Séminaire des Nations Unies sur l’assistance au peuple palestinien (Caire, 26-27 avril 2006) - Rapport - Publication de la Division des droits palestiniens Français
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3. The Committee was represented at the meeting by a delegation comprising Paul Badji (Senegal), Chairman of the Committee; Ravan A.G. Farhâdi (Afghanistan), Vice-Chairman; Victor Camilleri (Malta), Rapporteur of the Committee; Angel Dalmau, Ambassador of Cuba to Egypt representing the other Vice-Chairman of the Committee; and Riyad Mansour (Palestine).
4. The following Governments were represented at the Seminar: Afghanistan, Angola, Austria, Azerbaijan, Belarus, Belgium, Bosnia and Herzegovina, Brazil, Brunei Darussalam, Bulgaria, Burkina Faso, Cameroon, China, Cuba, Democratic People’s Republic of Korea, Egypt, France, Ghana, Greece, Guatemala, Guinea, Honduras, Hungary, India, Indonesia, Iran (Islamic Republic of), Italy, Japan, the former Yugoslav Republic of Macedonia, Malaysia, Mali, Malta, Mauritius, Mauritania, Mozambique, Nepal, Peru, Philippines, Poland, Qatar, Russian Federation, Saudi Arabia, Senegal, Serbia and Montenegro, Singapore, South Africa, Spain, Sri Lanka, Thailand, Tunisia, Turkey, Ukraine, United Arab Emirates, Venezuela, Vietnam and Yemen.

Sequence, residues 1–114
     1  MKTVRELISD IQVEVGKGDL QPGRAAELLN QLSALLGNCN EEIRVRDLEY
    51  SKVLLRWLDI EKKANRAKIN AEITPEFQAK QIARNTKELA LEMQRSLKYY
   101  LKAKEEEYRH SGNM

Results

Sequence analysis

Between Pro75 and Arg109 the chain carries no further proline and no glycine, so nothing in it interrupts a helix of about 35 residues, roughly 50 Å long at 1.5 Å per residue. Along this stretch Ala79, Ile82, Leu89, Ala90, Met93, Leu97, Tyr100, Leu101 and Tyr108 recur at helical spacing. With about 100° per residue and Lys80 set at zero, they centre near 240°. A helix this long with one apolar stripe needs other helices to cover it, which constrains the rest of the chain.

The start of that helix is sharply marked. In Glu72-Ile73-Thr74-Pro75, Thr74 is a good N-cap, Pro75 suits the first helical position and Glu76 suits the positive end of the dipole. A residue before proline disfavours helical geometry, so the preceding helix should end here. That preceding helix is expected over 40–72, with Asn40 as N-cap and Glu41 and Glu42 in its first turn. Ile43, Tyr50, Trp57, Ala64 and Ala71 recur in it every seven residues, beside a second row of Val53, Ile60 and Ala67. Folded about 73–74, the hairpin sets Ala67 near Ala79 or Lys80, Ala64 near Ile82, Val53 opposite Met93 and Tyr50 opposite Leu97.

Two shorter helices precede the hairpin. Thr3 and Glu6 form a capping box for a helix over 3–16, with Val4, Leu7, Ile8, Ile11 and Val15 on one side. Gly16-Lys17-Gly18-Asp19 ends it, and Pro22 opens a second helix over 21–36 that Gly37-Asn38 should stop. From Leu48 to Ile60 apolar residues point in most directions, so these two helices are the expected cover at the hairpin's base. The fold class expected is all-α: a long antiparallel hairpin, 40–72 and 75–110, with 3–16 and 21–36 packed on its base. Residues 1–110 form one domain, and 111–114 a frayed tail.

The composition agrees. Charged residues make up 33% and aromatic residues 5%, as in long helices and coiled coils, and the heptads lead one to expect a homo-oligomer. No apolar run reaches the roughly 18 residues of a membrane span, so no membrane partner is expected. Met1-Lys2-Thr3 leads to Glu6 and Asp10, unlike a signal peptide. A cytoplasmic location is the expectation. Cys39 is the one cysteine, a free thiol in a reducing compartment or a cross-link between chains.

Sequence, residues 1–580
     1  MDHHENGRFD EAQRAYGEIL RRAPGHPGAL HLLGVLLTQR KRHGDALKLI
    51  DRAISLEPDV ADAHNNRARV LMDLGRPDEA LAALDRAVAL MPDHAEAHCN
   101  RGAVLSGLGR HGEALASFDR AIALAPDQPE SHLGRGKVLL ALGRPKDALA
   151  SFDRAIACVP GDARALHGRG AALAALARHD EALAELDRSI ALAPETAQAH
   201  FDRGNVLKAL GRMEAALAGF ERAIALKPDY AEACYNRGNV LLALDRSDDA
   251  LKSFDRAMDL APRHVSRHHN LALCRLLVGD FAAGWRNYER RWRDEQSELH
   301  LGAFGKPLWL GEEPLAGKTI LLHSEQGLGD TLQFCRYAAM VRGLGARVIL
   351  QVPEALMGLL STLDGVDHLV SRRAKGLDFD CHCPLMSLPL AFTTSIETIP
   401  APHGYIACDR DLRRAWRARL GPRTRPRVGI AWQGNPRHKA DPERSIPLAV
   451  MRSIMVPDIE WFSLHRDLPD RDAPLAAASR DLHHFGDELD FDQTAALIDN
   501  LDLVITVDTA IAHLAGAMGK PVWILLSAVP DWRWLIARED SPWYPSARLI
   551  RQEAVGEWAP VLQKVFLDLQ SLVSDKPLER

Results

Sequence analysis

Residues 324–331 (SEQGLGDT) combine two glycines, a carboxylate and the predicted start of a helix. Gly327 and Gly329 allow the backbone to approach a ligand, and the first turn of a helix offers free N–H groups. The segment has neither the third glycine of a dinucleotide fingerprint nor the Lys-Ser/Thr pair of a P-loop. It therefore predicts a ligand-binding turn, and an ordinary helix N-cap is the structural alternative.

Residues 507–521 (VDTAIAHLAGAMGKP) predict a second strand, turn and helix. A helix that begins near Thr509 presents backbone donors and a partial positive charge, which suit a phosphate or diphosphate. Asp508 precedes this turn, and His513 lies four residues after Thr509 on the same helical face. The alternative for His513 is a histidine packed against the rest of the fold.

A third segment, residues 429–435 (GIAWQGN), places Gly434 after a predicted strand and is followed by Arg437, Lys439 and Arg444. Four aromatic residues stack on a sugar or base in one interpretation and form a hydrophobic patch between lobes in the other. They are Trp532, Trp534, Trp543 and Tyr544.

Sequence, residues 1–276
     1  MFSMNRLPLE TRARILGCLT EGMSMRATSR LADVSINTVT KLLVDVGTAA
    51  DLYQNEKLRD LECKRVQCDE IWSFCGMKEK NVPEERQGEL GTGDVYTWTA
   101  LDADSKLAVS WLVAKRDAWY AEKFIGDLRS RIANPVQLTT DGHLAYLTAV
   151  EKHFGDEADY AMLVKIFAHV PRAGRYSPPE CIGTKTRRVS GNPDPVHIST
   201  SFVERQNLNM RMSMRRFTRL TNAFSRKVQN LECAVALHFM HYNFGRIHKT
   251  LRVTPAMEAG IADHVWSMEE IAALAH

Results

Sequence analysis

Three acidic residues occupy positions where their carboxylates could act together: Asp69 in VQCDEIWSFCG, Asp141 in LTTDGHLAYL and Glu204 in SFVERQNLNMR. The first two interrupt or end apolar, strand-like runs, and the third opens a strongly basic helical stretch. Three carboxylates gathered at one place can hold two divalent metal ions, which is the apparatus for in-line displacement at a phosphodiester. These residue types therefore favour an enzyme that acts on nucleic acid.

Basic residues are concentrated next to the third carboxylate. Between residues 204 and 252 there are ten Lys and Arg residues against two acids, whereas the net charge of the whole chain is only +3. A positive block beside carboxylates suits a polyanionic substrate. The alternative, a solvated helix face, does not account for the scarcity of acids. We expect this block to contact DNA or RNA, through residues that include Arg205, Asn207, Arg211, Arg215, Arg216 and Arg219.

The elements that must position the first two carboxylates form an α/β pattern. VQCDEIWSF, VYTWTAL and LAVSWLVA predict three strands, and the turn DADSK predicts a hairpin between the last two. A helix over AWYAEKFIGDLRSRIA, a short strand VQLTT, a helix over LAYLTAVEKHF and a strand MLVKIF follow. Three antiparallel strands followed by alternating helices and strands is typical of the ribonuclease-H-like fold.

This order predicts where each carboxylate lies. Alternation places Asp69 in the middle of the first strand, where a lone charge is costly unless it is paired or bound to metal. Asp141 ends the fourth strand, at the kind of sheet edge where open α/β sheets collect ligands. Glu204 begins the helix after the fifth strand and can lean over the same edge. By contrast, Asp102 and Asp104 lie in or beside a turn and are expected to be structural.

5. The following organizations, agencies and other entities of the United Nations system participated in the Seminar: Food and Agriculture Organization of the United Nations (FAO); International Labour Office (ILO); Office of the United Nations Special Coordinator for the Middle East Peace Process (UNSCO); United Nations Children's Fund (UNICEF); United Nations Conference on Trade and Development (UNCTAD); United Nations Development Programme (UNDP); United Nations Environment Programme (UNEP); United Nations Industrial Development Organization (UNIDO); United Nations Information Centre in Egypt (UNIC); United Nations Office for the Coordination of Humanitarian Affairs (OCHA); United Nations Office on Drugs and Crime (UNODC); United Nations Office of the High Commissioner for Refugees (UNHCR); United Nations Population Fund (UNFPA); United Nations Relief and Works Agency for Palestine Refugees in the Near East (UNRWA); Universal Postal Union (UPU); World Food Programme (WFP); and World Health Organization (WHO).
6. The following intergovernmental organizations were represented at the Seminar: African Union, Islamic Development Bank, League of Arab States and Organization of the Islamic Conference.
7. The following civil society organizations participated in the Seminar as observers: Arab Organization for Human Rights, Arab Organization for Young Lawyers, Bright Star Consultant Centre, Economic and Social Development Centre, General Association of Arab Archeologists and Islamic Relief.